Use this URL to cite or link to this record in EThOS: http://ethos.bl.uk/OrderDetails.do?uin=uk.bl.ethos.484856
Title: Investigating the Role of Implicit Self-Esteem in Bulimia Nervosa
Author: Cockerham, Elaine S.
ISNI:       0000 0001 3559 6113
Awarding Body: UNIVERSITY OF SOUTHAMPTON
Current Institution: University of Southampton
Date of Award: 2006
Availability of Full Text:
Full text unavailable from EThOS. Please contact the current institution’s library for further details.
Abstract:
Current cognitive models of Bulimia Nervosa (BN) emphasize the importance of global negative self-evaluations in the development and maintenance of the disorder. However, there are inconsistencies in the research findings that have examined the relationship between levels of selfesteem and BN. Although investigations are being made into, and tools designed to measure implicit self-esteem, to date in the eating disorder literature self-esteem has only been measured using self-report questionnaires and thus may only allow access to explicit self-esteem. The literature review examines the relevance of self-esteem within cognitive behavioural theories of BN and reviews the literature that has attempted to investigate relationships between levels of self-esteem and BN. Research investigating implicit self-esteem is then reviewed and the value of extending this research into the area of eating disorders considered. The empirical research then primarily investigates whether there are differences in implicit biases of self between individuals with eating disorders compared to healthy controls, using the Implicit Associations Test (IAT: Greenwald, McGhee, & Schwartz, 1998; Greenwald & Farnham, 2000). Differences between the groups in explicit self-esteem are also investigated. The results show a significant difference between the groups on both the explicit and implicit measures of self-esteem, but show that individuals with eating disorders actually have higher levels of implicit self-esteem. The results are discussed in relation to other research that has found that a positive implicit self-esteem bias exists in clinical populations and that considers the discrepancies between implicit and explicit measures.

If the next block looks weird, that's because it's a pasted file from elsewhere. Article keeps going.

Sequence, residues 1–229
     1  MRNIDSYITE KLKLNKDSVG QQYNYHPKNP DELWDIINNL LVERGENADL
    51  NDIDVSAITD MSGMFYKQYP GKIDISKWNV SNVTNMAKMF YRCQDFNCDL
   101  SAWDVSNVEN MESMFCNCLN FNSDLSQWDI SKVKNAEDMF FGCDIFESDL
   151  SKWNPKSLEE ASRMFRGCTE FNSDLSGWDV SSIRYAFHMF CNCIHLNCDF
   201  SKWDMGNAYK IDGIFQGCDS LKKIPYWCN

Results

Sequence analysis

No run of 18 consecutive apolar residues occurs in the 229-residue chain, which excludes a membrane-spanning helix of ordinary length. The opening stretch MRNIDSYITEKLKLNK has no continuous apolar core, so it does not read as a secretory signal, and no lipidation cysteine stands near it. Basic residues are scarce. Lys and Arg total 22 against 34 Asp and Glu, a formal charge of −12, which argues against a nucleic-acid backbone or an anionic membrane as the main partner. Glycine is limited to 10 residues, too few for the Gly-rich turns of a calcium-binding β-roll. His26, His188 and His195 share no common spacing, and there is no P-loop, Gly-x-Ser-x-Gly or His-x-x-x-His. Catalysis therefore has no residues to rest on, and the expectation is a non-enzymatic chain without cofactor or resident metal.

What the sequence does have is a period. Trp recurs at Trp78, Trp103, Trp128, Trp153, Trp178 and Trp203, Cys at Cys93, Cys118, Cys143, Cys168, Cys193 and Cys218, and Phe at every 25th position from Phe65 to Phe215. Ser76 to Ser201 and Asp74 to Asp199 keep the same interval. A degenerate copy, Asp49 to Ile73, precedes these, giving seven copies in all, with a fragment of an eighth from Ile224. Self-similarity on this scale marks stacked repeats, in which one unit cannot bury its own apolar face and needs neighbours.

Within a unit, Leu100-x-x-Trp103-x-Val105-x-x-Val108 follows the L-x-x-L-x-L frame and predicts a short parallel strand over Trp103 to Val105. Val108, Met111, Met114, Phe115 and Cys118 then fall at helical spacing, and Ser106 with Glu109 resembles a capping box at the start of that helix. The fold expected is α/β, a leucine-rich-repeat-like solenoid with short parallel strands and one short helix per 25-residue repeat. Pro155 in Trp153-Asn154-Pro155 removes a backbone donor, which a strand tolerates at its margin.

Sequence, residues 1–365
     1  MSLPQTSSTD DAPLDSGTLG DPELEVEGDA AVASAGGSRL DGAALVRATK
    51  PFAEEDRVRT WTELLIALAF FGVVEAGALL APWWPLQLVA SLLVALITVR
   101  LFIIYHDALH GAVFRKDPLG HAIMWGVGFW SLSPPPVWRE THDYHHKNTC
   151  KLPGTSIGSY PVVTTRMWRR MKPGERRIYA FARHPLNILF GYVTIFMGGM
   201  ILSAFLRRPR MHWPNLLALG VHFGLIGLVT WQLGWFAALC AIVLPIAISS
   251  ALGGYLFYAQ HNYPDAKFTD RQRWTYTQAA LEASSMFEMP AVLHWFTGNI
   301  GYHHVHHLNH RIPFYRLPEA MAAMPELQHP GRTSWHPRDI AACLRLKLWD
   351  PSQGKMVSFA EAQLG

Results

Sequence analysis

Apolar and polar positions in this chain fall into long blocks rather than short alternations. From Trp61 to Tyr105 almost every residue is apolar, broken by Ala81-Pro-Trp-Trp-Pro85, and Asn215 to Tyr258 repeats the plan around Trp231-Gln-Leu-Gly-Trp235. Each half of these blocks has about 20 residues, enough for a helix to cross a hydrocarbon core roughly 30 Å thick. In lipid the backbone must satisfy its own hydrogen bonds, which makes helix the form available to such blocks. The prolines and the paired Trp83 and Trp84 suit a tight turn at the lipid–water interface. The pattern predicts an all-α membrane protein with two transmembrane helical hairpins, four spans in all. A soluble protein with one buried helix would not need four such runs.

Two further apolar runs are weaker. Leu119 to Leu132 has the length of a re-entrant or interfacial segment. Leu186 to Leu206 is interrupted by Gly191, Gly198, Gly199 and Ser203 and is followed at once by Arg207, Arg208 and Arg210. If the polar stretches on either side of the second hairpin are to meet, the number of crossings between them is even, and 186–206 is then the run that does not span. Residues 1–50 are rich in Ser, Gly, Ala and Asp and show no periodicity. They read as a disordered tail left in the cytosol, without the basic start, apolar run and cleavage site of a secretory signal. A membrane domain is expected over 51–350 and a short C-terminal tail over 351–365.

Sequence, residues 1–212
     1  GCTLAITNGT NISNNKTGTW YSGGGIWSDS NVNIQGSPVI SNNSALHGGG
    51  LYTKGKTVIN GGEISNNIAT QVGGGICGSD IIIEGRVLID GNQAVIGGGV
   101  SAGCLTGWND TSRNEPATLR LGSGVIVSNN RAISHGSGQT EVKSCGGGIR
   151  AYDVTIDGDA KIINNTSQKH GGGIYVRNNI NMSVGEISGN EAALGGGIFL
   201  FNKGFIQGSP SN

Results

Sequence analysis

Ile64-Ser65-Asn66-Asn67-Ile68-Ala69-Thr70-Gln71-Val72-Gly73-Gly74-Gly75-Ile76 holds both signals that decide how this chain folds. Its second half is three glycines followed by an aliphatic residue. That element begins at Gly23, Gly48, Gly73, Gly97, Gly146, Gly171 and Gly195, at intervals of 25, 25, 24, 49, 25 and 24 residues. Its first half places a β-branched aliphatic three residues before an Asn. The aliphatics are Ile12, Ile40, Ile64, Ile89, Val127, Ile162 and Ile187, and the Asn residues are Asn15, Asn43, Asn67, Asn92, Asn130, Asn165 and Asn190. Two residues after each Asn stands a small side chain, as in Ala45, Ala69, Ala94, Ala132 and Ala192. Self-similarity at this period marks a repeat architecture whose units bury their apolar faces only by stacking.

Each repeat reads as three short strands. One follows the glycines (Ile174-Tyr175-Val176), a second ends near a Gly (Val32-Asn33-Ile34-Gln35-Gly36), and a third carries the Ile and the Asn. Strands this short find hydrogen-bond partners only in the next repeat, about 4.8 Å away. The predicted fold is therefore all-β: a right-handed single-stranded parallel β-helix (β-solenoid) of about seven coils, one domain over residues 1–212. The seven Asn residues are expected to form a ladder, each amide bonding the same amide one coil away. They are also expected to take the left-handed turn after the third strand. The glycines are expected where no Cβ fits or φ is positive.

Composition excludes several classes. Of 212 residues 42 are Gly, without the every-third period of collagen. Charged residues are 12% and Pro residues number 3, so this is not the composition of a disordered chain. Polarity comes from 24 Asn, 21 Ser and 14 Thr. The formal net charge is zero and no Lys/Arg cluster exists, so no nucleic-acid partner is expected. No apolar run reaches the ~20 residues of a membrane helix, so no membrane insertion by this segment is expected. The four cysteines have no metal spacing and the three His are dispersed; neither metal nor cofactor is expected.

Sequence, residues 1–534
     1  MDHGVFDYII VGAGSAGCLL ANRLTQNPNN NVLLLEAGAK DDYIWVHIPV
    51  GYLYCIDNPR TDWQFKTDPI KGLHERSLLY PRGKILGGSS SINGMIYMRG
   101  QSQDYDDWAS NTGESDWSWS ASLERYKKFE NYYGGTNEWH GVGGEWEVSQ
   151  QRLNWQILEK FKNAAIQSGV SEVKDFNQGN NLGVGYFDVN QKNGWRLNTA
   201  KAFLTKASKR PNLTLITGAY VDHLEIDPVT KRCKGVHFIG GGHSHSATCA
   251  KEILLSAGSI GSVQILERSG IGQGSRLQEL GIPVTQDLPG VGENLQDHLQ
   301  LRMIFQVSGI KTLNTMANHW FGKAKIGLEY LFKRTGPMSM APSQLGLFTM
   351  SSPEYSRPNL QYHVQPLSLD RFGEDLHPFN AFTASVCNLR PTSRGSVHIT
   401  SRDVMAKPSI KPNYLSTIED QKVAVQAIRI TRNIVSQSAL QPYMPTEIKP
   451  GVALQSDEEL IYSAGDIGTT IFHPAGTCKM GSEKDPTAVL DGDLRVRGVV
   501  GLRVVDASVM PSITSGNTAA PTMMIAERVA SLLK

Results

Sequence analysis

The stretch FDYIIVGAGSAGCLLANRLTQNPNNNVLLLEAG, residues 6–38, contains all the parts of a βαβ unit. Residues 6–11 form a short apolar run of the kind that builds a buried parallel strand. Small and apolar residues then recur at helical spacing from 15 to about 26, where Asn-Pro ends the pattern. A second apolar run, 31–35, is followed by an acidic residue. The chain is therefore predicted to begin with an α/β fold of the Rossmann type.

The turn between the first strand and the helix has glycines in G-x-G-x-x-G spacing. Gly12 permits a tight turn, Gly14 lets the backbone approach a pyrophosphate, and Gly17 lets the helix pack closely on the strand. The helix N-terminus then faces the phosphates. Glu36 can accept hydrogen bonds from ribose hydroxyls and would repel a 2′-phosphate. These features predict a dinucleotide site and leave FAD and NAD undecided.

Supervisor: Not available Sponsor: Not available
Qualification Name: Doctor in Clinical Psychology--UNIVERSITY OF SOUTHAMPTON, 2006 Qualification Level: Doctoral
EThOS ID: uk.bl.ethos.484856  DOI: Not available
Share: